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Predicting the Earth System Across Scales: Both Ways

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For 1991-1993 only one hurricane developed from AEWs, there were no July storms ... Simulate feedback between hurricanes and ocean/atmospheric circulations ... – PowerPoint PPT presentation

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Title: Predicting the Earth System Across Scales: Both Ways


1
Predicting the Earth System Across Scales
Both Ways
Greg Holland NCAR
Summary Rationale Approach and Current
Focus Improved Simulation of Tropical
Modes Requirements for Tropical Cyclone Response
to Climate Change
2
Rationale Regional Climate
  • Downscaling
  • Upscaling

3
Downscaling and Upscaling Atlantic Tropical
Cyclone Trends
Satellites
4
Upscaling Mean Rainfall
5
Upscaling and Downscaling Tropical Modes
Observed
CCSM
(Lin et al 2006)
All tropical modes are poorly handled by current
climate models. This impacts everything from
tropical cyclones to ENSO and interactions with
the extratropics.
6
The Opportunity
CCSM/CAM Community Models
WRF Community Model
7
Approach and Current Focus
  • Approach Nesting the NCAR Weather Research
    and Forecasting Model into CAM as a 2-way Nested
    Regional Climate Model (NRCM)
  • Stage 1 Downscaling over North America (done)
  • Stage 2 2-way atmospheric scale interactions in
    the tropics (current)
  • Stage 3 NRCM in CAM/CCSM, with coupled ocean
    model as a community facility (next).
  • Current Focus Tropical scale interactions
  • Importance of mesoscale organization of
    convection and its related surface exchanges and
    radiative influences for forcing tropical modes
  • Tropical mode forcing of tropical cyclone
    development and intensification.

8
Model Setup
Tropical Channel, 36 km, N/S boundaries 1-way
nested into NCEP Reanalysis with specified SST,
Kain-Fritsch Cu Parameterization, CAM radiation
and YSU boundary layer.
Precipitable Water (mm)
4 km nested domain inside 12 km and 36 km
domains, fully 2-way interactive, Dudia cloud
physics, CAM radiation and YSU boundary layer.
Wind Speed (m/s)
9
NRCM Experiments
  • CAM at T170 Resolution Jan 1, 1966 to Jan 1 2001
  • 36km Channel Model Jan 1, 1996 to Jan 1, 2001
  • 36km Channel high resolution SST's Jan 1,
    1999 to Jan 1, 2000
  •  
  • 36km Channel fluxes Jan 1, 1996 to Jan 1 1998
  • 36km Channel 12km Maritime domain Jan 1, 1996
    to Feb 12, 1998
  • 36km Channel 12/4km Maritime domains Jan 1,
    1997 to Jul 1, 1997

10
Precipitable Water 1997
11
Power Spectra
NCEP Analysis
12
MJO and Easterly Wave Simulation
13
July 22nd over eastern Indonesia
MJO wet phase
28 days
August 19th in eastern North Pacific
39 days
October 8th westerly wind burst
14
Easterly Wave Interactions with MJO
15
NRCM Tropical Cyclone Simulation Seasonal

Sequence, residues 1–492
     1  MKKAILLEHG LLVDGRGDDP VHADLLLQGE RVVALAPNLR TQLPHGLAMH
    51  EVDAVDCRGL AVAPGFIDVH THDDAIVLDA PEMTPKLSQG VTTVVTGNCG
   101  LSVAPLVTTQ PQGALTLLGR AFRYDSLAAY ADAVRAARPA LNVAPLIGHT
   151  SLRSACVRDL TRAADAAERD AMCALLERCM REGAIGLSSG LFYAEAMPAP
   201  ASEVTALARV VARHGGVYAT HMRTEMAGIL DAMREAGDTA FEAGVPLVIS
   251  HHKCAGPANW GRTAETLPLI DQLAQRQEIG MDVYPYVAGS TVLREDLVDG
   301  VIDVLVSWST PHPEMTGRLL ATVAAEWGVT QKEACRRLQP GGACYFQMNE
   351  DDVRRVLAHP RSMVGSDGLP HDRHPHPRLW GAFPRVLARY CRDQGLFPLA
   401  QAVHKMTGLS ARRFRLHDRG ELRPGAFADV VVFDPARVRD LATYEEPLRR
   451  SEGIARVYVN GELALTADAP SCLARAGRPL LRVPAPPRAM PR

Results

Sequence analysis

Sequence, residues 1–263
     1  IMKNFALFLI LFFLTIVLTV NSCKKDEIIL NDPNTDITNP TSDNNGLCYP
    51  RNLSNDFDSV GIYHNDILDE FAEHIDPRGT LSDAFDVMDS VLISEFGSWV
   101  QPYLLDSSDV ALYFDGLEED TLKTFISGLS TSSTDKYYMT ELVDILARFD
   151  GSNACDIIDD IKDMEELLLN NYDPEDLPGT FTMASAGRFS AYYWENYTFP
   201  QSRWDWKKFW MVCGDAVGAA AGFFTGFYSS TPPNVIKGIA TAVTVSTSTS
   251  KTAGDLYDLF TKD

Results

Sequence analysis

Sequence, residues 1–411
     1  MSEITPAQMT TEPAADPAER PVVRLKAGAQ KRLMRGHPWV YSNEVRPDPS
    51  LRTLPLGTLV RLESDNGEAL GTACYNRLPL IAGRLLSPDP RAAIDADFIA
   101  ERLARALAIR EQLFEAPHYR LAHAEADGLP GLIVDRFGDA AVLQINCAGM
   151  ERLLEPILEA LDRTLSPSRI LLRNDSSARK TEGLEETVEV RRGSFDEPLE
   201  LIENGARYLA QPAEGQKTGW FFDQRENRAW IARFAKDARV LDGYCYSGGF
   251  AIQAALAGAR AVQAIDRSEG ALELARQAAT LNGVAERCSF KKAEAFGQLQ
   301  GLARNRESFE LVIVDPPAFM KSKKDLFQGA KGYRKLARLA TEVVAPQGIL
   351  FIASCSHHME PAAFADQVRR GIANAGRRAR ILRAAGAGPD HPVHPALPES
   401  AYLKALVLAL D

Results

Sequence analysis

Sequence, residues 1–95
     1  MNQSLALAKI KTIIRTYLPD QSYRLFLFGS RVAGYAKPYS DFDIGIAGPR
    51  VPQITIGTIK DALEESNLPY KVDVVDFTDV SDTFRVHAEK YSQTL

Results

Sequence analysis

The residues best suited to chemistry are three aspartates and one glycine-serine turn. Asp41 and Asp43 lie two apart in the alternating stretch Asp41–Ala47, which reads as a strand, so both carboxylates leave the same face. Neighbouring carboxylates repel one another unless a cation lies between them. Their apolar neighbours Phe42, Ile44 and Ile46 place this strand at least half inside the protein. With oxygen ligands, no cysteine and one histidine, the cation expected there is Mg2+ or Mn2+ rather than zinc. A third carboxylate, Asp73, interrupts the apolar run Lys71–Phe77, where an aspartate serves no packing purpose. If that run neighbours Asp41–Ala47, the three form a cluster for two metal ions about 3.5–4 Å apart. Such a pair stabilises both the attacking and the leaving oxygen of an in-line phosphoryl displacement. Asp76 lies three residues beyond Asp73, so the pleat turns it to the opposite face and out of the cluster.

Distribution 1996-1998
16
Annual Tropical Cyclone Statistics
Yellow are Observed Blue are Simulated. SWIO
Southwest Indian Ocean WAUS Western
Australia SWP
Southwest Pacific NIO North
Indian Ocean NWP Northwest Pacific
ENP Eastern North Pacific NAT North
Atlantic.
17
Tropical Cyclones and Climate Change
18
AEW Development
9-y Running Mean
19
Importance of AEW Development
gt85 of all Major Hurricanes develop from
Easterly Waves!!!
20
East/West Atlantic and Gulf SSTs
21
Global Surface Temperature Variability
Volcano
1970
Solar
Sulfate
There is no known natural forcing mechanism that
can explain the surface temperature increases
since 1960 (Meehl et al 2004, 2006) Notice the
warm 1940-50 period in the natural cycle
Ozone
22
So what is happening?
  • Compare the record 2005 season with a mean of
    1991-1993
  • 2005 27 Storms, 12 hurricanes, 5 cat 4-5
  • 1991-1993 22 storms (total), 12 hurricanes, 2
    cat 4-5
  • 2995 30 of all AEWs became named storms
    (normally 10)
  • AEWs produced 10 of the 14 hurricanes in 2005,
    all category 3-5 hurricanes, all tropical
    cyclones in July and August, and 8 of the 11
    tropical cyclones in September and October. Two
    AEWs also generated two tropical cyclones each, a
    rare event that last occurred in 1988
  • For 1991-1993 only one hurricane developed from
    AEWs, there were no July storms and only one in
    October.

23
2005 vs 1991-1993
24
NAT SST-Hurricane Relationships
Max SST
North Atlantic oceanic and atmospheric response
to global warming.
25
Vorticity Changes du/dxlt0
July 2005
26
Assessing Potential Climate Change Impact on
Tropical Cyclones Requirements
  • Resolve hurricane structure
  • Simulate tropical atmospheric response to oceanic
    heat changes
  • Simulate tropical modes accurately
  • Simulate feedback between hurricanes and
    ocean/atmospheric circulations

Coupling CCSM/CAM with WRF and a GOM/ROM enables
this
27
Summary
  • The weather and climate scales are part of a
    continuum of action across scales
  • We have the tools in CAM/CCSM and WRF to open up
    new frontiers in understanding and predicting
    these 2-way interactions
  • The Petascale Computing Facility provides the
    capacity

So Lets Do It
Thank You
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